Review: Louis Theroux's Dark States - Heroin Town | Redbrick | University of Birmingham

Review: Louis Theroux’s Dark States – Heroin Town

Sport Editor Olli Meek gives us his thoughts on the Theroux documentary that visits Huntington, West Virginia as part of his 'Dark States' series

Dark States: Heroin Town, as best it can, takes a balanced approach to the portrayal of a tragic situation.  Louis Theroux shows a relationship, allegedly abusive, between a user and a dealer, he interviews a heroin addict who was totally content with his life circumstances, and follows the fire chief who responds to many of the 911 calls because of a member of the Huntington community overdosing.

Theroux instead comes across as emotionally invested in the people that he is meeting
This is by no means Theroux’s first series on a dark subject matter, but it is arguably one of the most poignant episodes.  Camera shots of the documentary’s participants “shooting up”; interviews with members of the community who have been addicted to opium since before they were teenagers; conversations with parents of addicted children who can’t give the interview without breaking down in tears.  These are all contributors to a gravity to the programme unlike many I have seen.  One solitary hour is more than enough time for the watcher to come to the moving awareness of the lack of control there is over such a societal phenomenon.  It is both a very raw, but also very relatable piece of television, in the sense that there are no bright lights or celebrity stories, but instead many of the citizens involved are very average people, unassuming to the eye, going about their jobs, and expressing the same emotions as you or I.  There is nothing Louis can do to stop the users who continue their toxic daily routine in front of his eyes.  He even observes the handover of money from the grandparent of one users, intended to go towards a vehicle, that he knows will subsequently contribute to feeding the addiction that costs hundreds of dollars per day. 

His objective presentation of the reality before him gives exposure to the fact that the users they film are human. It puts enough emphasis on elements of government legislation and the quagmire of "big pharma" to ensure that it isn't an exercise in asserting blame for the situation that the users find themselves in.  In fact, the opening salvo of the show concerns a Heroin addict who found opiates as a pain relief method after a car crash, contrary, I’m sure, to the popular perception of the path into drug addiction for many people.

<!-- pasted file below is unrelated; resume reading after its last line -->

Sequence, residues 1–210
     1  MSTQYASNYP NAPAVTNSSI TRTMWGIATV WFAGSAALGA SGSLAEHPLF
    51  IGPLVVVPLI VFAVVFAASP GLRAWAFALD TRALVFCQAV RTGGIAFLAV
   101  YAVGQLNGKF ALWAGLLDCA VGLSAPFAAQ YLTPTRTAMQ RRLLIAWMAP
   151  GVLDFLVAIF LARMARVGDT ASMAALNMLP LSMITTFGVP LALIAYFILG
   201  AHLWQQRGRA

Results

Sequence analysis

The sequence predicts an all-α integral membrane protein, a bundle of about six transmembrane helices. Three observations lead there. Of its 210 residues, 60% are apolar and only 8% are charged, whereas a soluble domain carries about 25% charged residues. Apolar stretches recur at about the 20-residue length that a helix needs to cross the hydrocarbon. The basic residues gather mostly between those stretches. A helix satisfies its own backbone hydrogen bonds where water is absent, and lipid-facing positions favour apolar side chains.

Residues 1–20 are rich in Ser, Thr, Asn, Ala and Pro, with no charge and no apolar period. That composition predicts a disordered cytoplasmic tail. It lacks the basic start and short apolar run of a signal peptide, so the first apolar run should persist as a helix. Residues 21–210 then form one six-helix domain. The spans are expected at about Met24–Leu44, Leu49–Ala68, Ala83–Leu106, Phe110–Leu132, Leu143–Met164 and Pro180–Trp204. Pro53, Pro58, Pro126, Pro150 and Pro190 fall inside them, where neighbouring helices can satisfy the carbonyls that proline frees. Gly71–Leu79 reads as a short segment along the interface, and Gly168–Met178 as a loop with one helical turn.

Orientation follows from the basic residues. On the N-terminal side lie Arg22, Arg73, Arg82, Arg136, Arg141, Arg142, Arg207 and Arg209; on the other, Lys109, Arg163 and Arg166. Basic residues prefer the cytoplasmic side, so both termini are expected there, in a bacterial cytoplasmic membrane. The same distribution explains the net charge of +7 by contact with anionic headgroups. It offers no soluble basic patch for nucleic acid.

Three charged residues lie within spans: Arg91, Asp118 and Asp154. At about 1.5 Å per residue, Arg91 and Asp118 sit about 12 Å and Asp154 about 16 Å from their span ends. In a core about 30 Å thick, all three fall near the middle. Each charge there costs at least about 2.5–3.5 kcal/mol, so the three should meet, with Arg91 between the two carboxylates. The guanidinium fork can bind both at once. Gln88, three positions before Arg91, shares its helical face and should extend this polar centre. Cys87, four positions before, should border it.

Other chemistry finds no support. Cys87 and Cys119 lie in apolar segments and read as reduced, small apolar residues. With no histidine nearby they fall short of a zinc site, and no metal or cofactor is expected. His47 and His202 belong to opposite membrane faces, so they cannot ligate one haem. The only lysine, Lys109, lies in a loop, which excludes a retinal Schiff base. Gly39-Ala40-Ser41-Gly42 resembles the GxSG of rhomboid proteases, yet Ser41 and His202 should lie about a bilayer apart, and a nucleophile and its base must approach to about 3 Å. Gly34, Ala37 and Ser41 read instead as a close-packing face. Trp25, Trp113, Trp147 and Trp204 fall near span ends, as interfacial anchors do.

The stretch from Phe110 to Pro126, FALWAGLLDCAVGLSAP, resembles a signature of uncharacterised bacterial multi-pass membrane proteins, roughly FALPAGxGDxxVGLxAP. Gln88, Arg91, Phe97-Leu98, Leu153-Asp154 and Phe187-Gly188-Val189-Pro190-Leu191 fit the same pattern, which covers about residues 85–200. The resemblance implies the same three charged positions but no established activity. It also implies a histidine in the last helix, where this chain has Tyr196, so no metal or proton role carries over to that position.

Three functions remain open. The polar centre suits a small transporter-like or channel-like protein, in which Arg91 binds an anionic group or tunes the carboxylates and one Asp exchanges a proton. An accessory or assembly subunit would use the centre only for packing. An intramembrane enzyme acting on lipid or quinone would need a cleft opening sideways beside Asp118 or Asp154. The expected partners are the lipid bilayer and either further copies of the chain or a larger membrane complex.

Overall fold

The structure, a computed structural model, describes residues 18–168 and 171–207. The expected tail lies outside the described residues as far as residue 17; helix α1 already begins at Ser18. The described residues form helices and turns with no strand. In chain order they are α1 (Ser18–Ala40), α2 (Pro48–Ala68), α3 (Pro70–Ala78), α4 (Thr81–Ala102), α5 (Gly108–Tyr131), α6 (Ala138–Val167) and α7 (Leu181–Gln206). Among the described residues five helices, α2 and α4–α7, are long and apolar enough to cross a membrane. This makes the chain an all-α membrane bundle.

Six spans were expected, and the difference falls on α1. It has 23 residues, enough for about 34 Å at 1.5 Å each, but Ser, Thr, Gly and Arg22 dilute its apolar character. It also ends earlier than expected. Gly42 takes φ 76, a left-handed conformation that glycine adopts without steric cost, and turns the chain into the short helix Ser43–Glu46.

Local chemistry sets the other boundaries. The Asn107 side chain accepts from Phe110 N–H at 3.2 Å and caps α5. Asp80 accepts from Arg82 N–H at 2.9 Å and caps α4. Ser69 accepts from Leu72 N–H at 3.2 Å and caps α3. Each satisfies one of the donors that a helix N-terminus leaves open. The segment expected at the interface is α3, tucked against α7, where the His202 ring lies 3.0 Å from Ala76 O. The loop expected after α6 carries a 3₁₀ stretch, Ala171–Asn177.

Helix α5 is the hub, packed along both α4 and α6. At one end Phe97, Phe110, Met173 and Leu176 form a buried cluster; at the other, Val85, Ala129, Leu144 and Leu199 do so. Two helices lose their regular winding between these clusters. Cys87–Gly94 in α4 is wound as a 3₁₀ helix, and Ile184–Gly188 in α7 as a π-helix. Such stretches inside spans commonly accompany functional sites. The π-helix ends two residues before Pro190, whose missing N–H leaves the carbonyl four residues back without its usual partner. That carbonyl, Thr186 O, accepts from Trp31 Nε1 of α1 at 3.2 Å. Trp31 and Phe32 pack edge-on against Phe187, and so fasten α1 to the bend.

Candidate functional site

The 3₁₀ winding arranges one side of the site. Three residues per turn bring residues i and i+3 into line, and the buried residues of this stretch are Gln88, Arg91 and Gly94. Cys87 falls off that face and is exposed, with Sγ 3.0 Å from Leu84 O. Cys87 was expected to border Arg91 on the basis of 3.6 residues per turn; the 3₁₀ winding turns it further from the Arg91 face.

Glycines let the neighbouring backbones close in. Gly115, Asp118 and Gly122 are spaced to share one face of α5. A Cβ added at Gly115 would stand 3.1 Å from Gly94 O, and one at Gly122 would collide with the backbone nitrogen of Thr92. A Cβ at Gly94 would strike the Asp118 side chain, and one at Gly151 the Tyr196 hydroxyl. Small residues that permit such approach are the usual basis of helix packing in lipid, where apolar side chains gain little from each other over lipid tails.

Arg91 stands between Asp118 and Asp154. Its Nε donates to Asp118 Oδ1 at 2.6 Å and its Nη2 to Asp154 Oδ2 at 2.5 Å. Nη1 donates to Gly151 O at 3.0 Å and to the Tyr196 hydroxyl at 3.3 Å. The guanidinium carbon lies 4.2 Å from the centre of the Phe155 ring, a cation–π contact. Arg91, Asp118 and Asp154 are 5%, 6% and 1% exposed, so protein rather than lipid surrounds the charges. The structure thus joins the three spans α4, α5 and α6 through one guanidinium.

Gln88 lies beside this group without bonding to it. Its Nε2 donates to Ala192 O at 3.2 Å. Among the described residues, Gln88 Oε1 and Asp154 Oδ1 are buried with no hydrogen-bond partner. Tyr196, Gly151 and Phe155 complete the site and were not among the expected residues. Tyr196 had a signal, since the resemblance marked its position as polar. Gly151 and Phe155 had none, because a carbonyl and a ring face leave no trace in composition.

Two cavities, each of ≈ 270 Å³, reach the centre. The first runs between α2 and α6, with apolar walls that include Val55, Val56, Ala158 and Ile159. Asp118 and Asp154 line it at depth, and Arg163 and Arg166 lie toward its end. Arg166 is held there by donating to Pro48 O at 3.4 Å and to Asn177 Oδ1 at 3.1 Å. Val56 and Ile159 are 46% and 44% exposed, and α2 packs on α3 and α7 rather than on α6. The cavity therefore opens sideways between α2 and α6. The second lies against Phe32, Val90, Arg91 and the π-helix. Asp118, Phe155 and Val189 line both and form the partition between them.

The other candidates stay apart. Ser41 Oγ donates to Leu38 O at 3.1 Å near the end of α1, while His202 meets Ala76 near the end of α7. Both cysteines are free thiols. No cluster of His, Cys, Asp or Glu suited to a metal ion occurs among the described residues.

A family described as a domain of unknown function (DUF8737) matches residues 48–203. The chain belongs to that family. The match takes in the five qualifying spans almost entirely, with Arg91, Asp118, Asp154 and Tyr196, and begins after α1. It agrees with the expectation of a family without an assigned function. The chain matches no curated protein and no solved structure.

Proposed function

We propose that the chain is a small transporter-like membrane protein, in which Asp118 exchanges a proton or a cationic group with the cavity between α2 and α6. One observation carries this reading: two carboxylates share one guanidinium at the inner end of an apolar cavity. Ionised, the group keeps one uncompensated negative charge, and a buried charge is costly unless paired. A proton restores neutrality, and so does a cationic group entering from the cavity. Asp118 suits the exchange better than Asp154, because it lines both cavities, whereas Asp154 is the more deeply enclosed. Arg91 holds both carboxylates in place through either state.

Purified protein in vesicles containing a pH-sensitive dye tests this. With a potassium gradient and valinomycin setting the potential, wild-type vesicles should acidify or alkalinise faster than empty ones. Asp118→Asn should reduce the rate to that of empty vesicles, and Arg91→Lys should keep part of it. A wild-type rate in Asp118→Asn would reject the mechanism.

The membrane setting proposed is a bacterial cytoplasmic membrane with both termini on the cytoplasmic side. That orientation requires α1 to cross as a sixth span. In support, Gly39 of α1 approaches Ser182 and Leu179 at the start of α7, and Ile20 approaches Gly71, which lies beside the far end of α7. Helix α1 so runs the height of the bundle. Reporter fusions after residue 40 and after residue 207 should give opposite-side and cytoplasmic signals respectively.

Louis Theroux again succeeds in making a documentary that is wide-ranging, insightful, and incredibly moving
It would be the easy option for a documentary maker to try and come to a conclusion that judges where the fault lies, however Theroux instead comes across as emotionally invested in the people that he is meeting such that apportioning responsibility would be condescending and inappropriate.  There is no concluding estimation in this manner, but rather a reflection on the tragedy that is unfolding, as addiction rates continue to rise across the USA, and helplessness is the main impression that I was left with.  The child we see at the conclusion of the episode is the new-born son of an opiate addict who has weened herself onto those thought to be less harmful to children in the womb.  He is helpless to the environment into which he is being born, with such high exposure to substances that ruin lives through just one use.  The user living in a tent on the bank of a river who acknowledges, but doesn’t use the help he is offered, reminds us that he was helpless to a drunk driver crashing into him and forcing him onto prescribed medication which led to opiate abuse.  The policeman who Louis is following is so quick to recognise tell-tale signs of substance abuse that in one glance from their patrol car he has enough conviction to turn the car around and charge the suspects.  The emergency services are helpless in that they are fighting an unwinnable battle on so many fronts that they don’t seem to be able to cope.

Louis Theroux again succeeds in making a documentary that is wide-ranging, insightful, and incredibly moving, whilst simultaneously feeling very organic as well.  His interviews and filmmaking make for compelling viewing, and whilst not a pleasant subject matter to behold, absolutely has me returning to watch the rest of the series.



9th November 2017 at 9:00 am

Images from

The Guardian and BBC